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Wednesday, January 19, 2022


    Digital Serving

    Denis Pennel, managing director, World Employment Confederation, looks how digitalisation enabled the private employment services sector to continue to serve labour markets during lockdown

    Thanks to digitialisation the private employment services industry has continued to operate throughout the Covid-19 crisis, serving the needs of workers and user-companies around the world. I am quite sure that if the crisis had hit us 30 years ago it would have been quite a different story.

    Over the past decade our industry has been quick to embrace the efficiencies afforded by new technologies.  We have developed a host of digital tools to support our work – from video interviews, on-line skills assessments and e-signature of labour contracts through to electronic databases of candidates and job vacancies..  As the saying goes “necessity is the mother of invention” and the Covid-19 crisis has served to accelerate this trend.  Hence while our physical branches were closed during lockdown in the majority of countries, our personnel were able to keep on working from home and to continue to match supply with demand in the labour market.

    As the lockdown’s hit around the world so the jobs and employment landscape changed almost overnight. While many economic sectors were forced to close and to furlough staff as a result, so others saw a significant surge in demand for their goods and services.  They needed to staff-up quickly to be able to meet the increase in business and our industry was swift to respond and worked to reallocate people into sectors such as food retail, healthcare, transport and logistics.

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    Using digital tools, our agency personnel were able to reach out to candidates fast and match them into new employment opportunities.  Five months down the road and many of our permanent staff continue to work from home.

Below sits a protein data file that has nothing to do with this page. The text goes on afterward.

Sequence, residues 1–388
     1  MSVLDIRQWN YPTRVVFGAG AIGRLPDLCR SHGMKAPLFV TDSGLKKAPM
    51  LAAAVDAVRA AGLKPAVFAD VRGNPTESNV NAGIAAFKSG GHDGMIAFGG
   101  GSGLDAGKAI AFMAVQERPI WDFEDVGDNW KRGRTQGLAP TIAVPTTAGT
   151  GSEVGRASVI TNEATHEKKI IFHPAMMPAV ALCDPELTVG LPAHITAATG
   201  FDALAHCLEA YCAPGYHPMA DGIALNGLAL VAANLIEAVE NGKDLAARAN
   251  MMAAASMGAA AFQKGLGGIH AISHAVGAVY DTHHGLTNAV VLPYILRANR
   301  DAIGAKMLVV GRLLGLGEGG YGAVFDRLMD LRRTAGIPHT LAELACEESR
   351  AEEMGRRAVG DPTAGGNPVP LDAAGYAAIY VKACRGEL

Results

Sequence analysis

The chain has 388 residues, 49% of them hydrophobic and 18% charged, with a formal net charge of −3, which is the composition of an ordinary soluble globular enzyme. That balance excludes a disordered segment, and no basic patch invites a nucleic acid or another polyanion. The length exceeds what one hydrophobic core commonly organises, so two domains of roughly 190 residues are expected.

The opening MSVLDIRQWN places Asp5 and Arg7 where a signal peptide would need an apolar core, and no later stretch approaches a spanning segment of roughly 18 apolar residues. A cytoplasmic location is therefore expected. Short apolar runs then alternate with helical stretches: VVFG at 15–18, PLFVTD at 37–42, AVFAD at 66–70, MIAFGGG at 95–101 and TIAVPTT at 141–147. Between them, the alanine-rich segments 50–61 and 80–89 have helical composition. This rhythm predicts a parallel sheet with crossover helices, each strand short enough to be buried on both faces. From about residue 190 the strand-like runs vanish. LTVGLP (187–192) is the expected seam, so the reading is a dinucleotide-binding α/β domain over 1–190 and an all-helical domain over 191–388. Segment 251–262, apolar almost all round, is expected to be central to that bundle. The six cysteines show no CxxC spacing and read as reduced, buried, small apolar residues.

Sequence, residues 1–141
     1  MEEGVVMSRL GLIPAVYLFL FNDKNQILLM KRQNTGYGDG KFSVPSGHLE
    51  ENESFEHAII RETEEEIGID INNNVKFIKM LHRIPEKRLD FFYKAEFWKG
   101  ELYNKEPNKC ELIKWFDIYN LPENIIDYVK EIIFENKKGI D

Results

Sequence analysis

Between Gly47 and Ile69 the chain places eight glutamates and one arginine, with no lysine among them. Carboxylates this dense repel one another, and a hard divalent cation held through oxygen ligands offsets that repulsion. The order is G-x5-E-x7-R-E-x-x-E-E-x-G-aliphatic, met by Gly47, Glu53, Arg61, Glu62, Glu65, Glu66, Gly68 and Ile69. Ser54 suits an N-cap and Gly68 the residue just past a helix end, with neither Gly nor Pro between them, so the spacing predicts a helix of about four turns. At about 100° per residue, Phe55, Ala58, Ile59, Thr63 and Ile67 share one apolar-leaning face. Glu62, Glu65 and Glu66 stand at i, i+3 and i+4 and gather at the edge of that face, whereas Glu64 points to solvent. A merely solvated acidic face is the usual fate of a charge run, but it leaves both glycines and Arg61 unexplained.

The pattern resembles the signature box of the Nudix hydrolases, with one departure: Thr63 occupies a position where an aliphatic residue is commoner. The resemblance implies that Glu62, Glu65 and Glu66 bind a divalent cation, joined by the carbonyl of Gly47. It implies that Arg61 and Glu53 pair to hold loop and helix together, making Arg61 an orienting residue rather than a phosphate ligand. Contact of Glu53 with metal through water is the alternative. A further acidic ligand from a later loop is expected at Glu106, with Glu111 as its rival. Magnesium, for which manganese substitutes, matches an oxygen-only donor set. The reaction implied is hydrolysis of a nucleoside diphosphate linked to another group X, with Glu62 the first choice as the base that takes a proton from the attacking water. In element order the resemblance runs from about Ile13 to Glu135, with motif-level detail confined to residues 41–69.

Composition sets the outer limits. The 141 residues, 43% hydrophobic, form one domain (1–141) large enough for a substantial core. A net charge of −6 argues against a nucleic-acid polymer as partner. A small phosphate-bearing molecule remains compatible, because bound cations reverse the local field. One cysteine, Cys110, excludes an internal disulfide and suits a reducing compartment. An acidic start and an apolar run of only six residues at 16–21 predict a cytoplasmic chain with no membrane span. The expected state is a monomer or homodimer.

Like many sectors, the private employment industry had already adapted to this evolving trend – witnessed by the fact that while the physical number of branches has decreased over the past 10 years, the sector’s income has grown steadily as more and more elements of the service move online. The global pandemic provided a good stress test and thanks to digitalisation the sector was able to keep functioning effectively – including swiftly introducing the use of e-signatures in order to comply with the regulatory requirement that all labour contracts must be signed.

    Indeed, since the crisis struck in the early part of 2020 many people around the world have been recruited and on-boarded without any physical contact. The whole process has been handled virtually through email, apps, conference calls, Zoom meetings etc. This is not ideal but it has set a precedent and demonstrated that we don’t need to be always in a physical office space to carry out our role in facilitating labour market transitions.

    Of course, the rise in digitalisation also brings the challenge of privacy issues.  These are of particularly sharp focus for the recruitment and employment sector where people are sharing very personal information about themselves and their financial and legal status. In the new digital era our candidates need to be confident that the personal information that they share with us will be treated with the utmost discretion and that it will be protected.  We take this very seriously as an industry and are reinforcing and expanding our use of systems such as Blockchain in order to protect candidates’ personal data and uphold the requirements of privacy legislation around the world.

    While digital services have brought many benefits, I must stress that the private employment services industry remains a people business and could never be fully automated.  While I am confident that the days of faxes and roller-decks are gone forever, we recognise that the human touch is a very important element of the service that we offer. By leveraging the speed and productivity that digitalisation can bring to the back-office function, our agents are freed-up to focus their energies on the person-to-person experience that adds value for both candidates and clients.

    As protecting human health continues to be a priority and social distancing remains a necessary part of our lives in the months and year ahead, so we will continue to rely on digitalisation and remote working. We will learn the lessons of Covid-19 and ensure that we provide our staff, candidates and customers with the support they need in working more online and more independently.  I believe that this is a trend that we will see across a host of other industries and that we will look back on the 2020 pandemic as the turning point that ushered in a new world of work.


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